Childhood friends Annie and Nikki (My Name Is Earl‘s Jaime Pressly and Tony winner Katie Finneran) — who weren’t exactly popular in high school — are bewildered by the pair of queen bees they somehow spawned. ”Any mother, if they’re being totally honest, has said, ‘I don’t like this,’ ” explains creator Sherry Bilsing-Graham. Adds Pressly, ”Sometimes parenthood is the most amazing thing, and sometimes you want to crawl under the bed.” More daunting than parenting teenage girls? A high-profile time slot following Simon Cowell’s The X Factor. ”There are some things that have been done to the pilot to make us all more confident,” says Pressly, referring to reshoots that included making Annie’s musician ex, Matt (Eric Sheffer Stevens), less pathetic (he now opens for Sheryl Crow instead of playing in a band with high schoolers). ”But are you kidding me? Hell, yeah, we feel pressure.” (Nov. 30)
The X Factor
8-9:30 p.m., Fox
”That was like running over 25 cats on the freeway.”
Oh, Simon Cowell, how we’ve missed you. In the year and a half since he’s been off our TV screens, the king of withering critiques has been replaced by American Idol‘s lovey-dovey judging trio and The Voice‘s happily bickering mentors. But with the Stateside debut of his British smash The X Factor, Cowell is not only trotting out the tartness (see: above assessment of one pitch-challenged wannabe), he’s also reuniting with his former tablemate Paula Abdul, who left Idol a year before Cowell called it quits in 2010. The judges on X Factor — a singing competition that features both solo and group acts and no upper age limit — each serve as mentor to a team of contestants. So, as with The Voice, Cowell and Abdul — along with Nicole Scherzinger (who stepped in for singer and U.K. X Factor judge Cheryl Cole partway through filming) and record mogul Antonio ”L.A.” Reid — will be competing against one another as mentors. Which means the pair who loved to hate each other for eight seasons will have even more to fight about. In an exclusive joint interview, the duo talk to EW about their unique TV relationship.
How much were you two in touch with each other after Paula left Idol in 2009?
Paula Abdul Starting from the next day. He called me and said, ”I can’t believe you quit.”
Simon Cowell I didn’t think she was going to quit.
Abdul Chemistry like this comes along once in a lifetime. It’s authentic, it’s transparent, and we live it out on live television. Simon from the get-go started talking about bringing The X Factor to America and wanted to have me be involved. There were lots of stops and starts, but he stayed in touch with me.
So why was it a last-minute drama for you to sign on?
Abdul People made such a big stink about ”Oh, your contract was done at the very last second.” But I was under contract with CBS [which aired Abdul’s Live to Dance]. And that’s the truth.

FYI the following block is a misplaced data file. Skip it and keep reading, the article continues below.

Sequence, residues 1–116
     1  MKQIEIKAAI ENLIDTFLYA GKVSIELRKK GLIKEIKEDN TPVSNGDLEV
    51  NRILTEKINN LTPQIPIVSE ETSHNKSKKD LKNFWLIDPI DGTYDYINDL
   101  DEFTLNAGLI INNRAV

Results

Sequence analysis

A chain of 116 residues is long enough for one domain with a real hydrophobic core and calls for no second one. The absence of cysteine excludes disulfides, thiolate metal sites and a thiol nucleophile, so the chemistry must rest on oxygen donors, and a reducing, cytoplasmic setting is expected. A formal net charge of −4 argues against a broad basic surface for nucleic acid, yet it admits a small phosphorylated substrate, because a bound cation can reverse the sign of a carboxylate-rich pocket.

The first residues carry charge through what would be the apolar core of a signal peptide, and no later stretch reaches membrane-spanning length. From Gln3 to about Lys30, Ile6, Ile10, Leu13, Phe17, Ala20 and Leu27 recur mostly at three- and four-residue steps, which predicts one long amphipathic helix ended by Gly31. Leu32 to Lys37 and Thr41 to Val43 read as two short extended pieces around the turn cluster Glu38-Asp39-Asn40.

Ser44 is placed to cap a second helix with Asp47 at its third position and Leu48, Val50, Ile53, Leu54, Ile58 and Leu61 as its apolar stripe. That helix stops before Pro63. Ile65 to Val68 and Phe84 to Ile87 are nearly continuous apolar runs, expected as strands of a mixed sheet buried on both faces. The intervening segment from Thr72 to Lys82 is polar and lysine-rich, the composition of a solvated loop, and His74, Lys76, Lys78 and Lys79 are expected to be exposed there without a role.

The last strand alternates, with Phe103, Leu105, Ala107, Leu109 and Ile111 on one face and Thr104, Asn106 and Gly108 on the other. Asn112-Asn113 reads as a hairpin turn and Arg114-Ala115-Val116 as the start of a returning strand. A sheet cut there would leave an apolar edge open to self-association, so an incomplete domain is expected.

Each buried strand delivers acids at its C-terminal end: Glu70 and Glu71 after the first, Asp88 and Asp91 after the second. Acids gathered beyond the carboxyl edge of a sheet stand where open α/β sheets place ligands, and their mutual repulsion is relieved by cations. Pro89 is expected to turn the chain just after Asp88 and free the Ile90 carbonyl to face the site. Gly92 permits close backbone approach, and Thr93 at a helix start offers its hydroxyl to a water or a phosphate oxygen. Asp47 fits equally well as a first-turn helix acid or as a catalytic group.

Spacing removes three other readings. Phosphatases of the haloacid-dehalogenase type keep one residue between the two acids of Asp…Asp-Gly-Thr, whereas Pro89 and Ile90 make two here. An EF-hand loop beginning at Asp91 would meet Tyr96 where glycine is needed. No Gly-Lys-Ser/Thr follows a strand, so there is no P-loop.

Your first X Factor ad emphasized a meaner tone, in contrast to new Idol judges Steven Tyler and Jennifer Lopez, who seem to love everyone. Is that indicative of what your show is going to be like?
Cowell It was not mean. It’s raw. I wanted to show that we had retained our sense of humor. When I saw the first Idol promo, it was ”It’s a new dawn; no one’s going to be mean anymore.” I was watching it like, ”Yeah, thanks. You didn’t say that nine years ago.”
Abdul I was always vehemently [criticized] for being nurturing and nice. Then I leave and it’s cool to be nice.
The X Factor debuted in the U.K. years before the original Dutch version of The Voice. But because The Voice has already aired here, many American viewers are going to think you guys are ripping it off.
Cowell You can drive yourself mad over the comparisons. I knew there’d be elements in Idol that came from X Factor. I knew what The Voice was doing. But genuinely, none of it bothered me.
But between The X Factor, Idol, The Voice, The Sing-Off, and America’s Got Talent, are you worried that we’re reaching talent-competition overkill?
Cowell There’ll be casualties, sure. Absolutely. I don’t look at the show as a format anymore. I try to shoot it as reality — and you’ll see me having a meltdown of meltdowns. But I wasn’t afraid to go, ”This is a complete and utter shambles.” I’m happy to show it.
Abdul You have to be bold. And real. That’s the big difference with this show.
I was in the audience on the first day of auditions, when Cheryl Cole was on the judges’ panel. It seemed to me like she was doing just fine. So what happened?
Cowell I made a decision that she would have been more comfortable working on the U.K. show than the American show. Never said a negative thing about how she was on the show. It wasn’t going to be public; [her return to the U.K. show] was going to be a surprise. Initially she accepted it. We had done the deal, even to the point of giving her my [former] dressing room. Then it all got leaked, and it all got unpleasant. I was dealing with her management, and I didn’t hear from her. We gave her a time period, and when she didn’t call, we had to cut it.
So will she appear on the show at first, and then disappear with no explanation?